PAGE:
Book Review: ‘When We Have Wings’ by Claire Corbett

when we have wings cover

Book Title: When We Have Wings

Author: Claire Corbett

Genre: Speculative Fiction

Summary: Only the rich and powerful can afford to fly – the cost of the surgery, drugs, and gene manipulation is too great for anyone else. So why does Peri, a poor girl from the regions, have wings? And why would she throw it all away? Private investigator Zeke delves into the mystery of Peri’s disappearance and unravels a dark world beneath the glamourous facade of flier culture and politics.

Favourite Scene: Every scene describing what it’s like to fly – wow!

Favourite Character: Zeke Fowler

Review: This is a stunning novel – beautifully written and gorgeous with its imagery, the novel is more than just words on a page. The implication of technological advancement and how it will influence class (and even generation to generation) is represented through the ‘haves’ (wealthy fliers) and the ‘have nots’ (everyone else). The cost of wings, however, is more than just monetary – as Zeke finds out. What makes this story compelling is the narrative, split between two voices. It begins with a third person narrative from Peri’s point of view and then alternates between this and Zeke’s first person narrative of his investigation into her disappearance. Within these perspectives we have Peri’s search for truly understanding what it means to fly, and Zeke’s struggle to make the right decision for his son, knowing that whether or not his son is successful in the future could well be defined by whether or not he has wings.

The plot is, essentially, quite simple and straightforward. What I really loved about this novel was the obvious amount of research that went into its composition. Not only do we have considerations for science but also for the very nature of flight. Being able to fly like a bird means having lighter bones, burning more calories, and learning how to read the sky. Having a population of people who can fly changes how buildings are designed and constructed, how clothes are worn, and how we interact with others. The world constructed in the novel is intricate and flawless, and the characters are complex and flawed. It’s a beautiful combination!

There are subplots within the novel that weave together to create a sense that there is much more to come – not necessarily a sequel to the novel but definitely a real-life need to seriously consider the implications of technology and its role in creating (or at least redefining) human life – if we can choose a child’s eye colour, why not choose to give them wings?

I am gushing, I know. I really loved this book – it is a unique novel that stands out in a sea of rather predictable YA fiction and I cannot recommend it enough! 5 commas!

5 commas

Book Review: ‘Ready Player One’ by Ernest Cline

Book Title: Ready Player One

Author: Ernest Cline

Genre: Science Fiction / Speculative Fiction

Summary: In 2044 the world is a grim place – overpopulated and under financed, there is little hope for the future of the people living in it. Respite from this world comes through OASIS, a virtual utopia that usurps reality. Here you can attend school, go to work, and be entertained – and this is exactly what Wade does. Like many, he is searching for a way out of his grim and depressing reality, a way that is attainable but virtually impossible; OASIS creator James Halliday has hidden puzzles within OASIS, but that was years ago and no one has found any clues or signs that the prize will ever be won. The prize? Halliday’s fortune and ultimate control over OASIS. When Wade stumbles across and solves the first puzzle, the race to the final prize becomes more than just a game.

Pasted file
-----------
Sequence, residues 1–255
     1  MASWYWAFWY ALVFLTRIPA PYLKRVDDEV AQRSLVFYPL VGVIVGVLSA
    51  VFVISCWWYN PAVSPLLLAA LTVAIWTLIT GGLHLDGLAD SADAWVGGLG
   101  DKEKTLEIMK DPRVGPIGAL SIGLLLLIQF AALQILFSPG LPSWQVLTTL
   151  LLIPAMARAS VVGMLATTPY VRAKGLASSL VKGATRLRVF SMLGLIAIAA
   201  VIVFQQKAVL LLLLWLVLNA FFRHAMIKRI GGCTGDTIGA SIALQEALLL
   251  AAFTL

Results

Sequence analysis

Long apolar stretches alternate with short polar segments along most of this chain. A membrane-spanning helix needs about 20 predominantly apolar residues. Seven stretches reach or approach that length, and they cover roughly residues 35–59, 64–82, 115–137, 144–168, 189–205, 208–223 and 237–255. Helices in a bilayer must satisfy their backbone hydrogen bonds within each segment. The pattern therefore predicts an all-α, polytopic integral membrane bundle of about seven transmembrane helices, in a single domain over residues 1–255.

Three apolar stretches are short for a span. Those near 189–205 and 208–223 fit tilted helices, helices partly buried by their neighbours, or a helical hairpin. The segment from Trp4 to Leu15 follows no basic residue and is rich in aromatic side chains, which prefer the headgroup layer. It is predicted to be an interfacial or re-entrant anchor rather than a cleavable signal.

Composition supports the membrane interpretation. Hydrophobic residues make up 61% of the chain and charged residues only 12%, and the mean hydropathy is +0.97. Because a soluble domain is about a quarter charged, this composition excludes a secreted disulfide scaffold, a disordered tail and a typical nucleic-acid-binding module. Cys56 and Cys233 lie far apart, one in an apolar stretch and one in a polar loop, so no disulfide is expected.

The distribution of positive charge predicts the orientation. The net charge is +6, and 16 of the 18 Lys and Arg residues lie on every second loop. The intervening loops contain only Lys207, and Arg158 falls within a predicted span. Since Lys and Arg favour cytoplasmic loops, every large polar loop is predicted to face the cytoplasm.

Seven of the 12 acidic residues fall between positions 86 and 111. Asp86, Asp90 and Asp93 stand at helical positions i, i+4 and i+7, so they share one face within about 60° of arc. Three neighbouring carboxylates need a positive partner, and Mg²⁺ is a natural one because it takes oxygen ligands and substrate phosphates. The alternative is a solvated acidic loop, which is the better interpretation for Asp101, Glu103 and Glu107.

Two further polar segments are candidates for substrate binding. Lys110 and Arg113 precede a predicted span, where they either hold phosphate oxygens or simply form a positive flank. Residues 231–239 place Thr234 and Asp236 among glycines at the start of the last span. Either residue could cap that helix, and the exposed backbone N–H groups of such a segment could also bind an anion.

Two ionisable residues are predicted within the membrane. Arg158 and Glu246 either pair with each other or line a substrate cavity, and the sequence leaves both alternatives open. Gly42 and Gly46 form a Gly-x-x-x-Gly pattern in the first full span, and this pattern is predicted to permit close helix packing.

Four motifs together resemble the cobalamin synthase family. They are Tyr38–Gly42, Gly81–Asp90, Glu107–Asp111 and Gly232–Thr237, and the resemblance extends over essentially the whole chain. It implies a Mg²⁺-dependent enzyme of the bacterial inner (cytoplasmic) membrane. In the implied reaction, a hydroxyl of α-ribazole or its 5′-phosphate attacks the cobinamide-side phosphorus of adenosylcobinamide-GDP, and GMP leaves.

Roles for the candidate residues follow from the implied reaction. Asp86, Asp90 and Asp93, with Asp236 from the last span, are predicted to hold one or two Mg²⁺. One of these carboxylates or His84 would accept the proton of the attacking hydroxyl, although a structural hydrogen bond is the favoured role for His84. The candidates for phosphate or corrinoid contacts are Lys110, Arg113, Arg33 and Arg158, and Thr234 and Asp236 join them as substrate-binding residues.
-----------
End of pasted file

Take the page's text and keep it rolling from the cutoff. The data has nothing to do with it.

Favourite Scene: Too many. I especially loved the nature of the second puzzle! (Go on, read the book.)

Favourite Character: Ogden Morrow – he plays a minor role but he seems like a pretty cool guy.

Review: Love. Love. LOVE. This book was recommended by the ever wonderful Katy and the promise of ’80s pop-culture and gaming references was too good to refuse. And I am so glad I got my hands – and mind – on this book. In typical Stef-style, I churned through the book in a single sitting, absolutely absorbed by the characters, setting, and plot. The narrator’s voice was unique and easy to follow, so much so that it was easy to imagine this was a conversation being had over coffee.

The world constructed in Ready Player One was eerily believable. As is the case with most good dystopian novels set in “the not-too-distant-future”, Cline utilised the harsh realities of the early 21st Century to create a frighteningly plausible future. The book was published in 2011 and this makes the dates and characters especially relevent right now – the setting is 32 years away and the generations depicted in the novel are uncomfortably familiar. Referring to his aunt, Wade laments:

“Her generation had it the hardest. She’d been born into a world of plenty, then had to watch it all slowly vanish. More than anything, I remember feeling sorry for her.”

The characters were it. I could easily imagine some of my gaming friends sitting in and contributing to the conversations that took place in the book, and the ’80s pop-culture references and gaming scene were nerd-tastic.

I’m keeping a vague list of books I’ve reviewed this year that have been added to the “If you read ONE book this year” pile (let’s face it, I’ve said it a few times) and Ready Player One is definitely up there.

Read it. If you’re ready. 😉

Book Review: ‘The Knife of Never Letting Go’ by Patrick Ness



Book Title: The Knife of Never Letting Go

Author: Patrick Ness

Genre: Dystopia / Science Fiction

Summary: This is the first book in the Chaos Walking trilogy and is set in a futuristic world on another planet, called “New World”. The native Spackle are blamed for releasing a germ that killed all women and left the men with the Noise, which is a constant barrage of information as men can hear one another’s thoughts all the time. Todd is the only boy Prentisstown, and will not be a man until his thirteenth birthday. A month before Todd is to become a man he flees Prentisstown, only to discover the town does not want to let him go and he must outrun an army if he is to understand the many secrets that have been kept from him.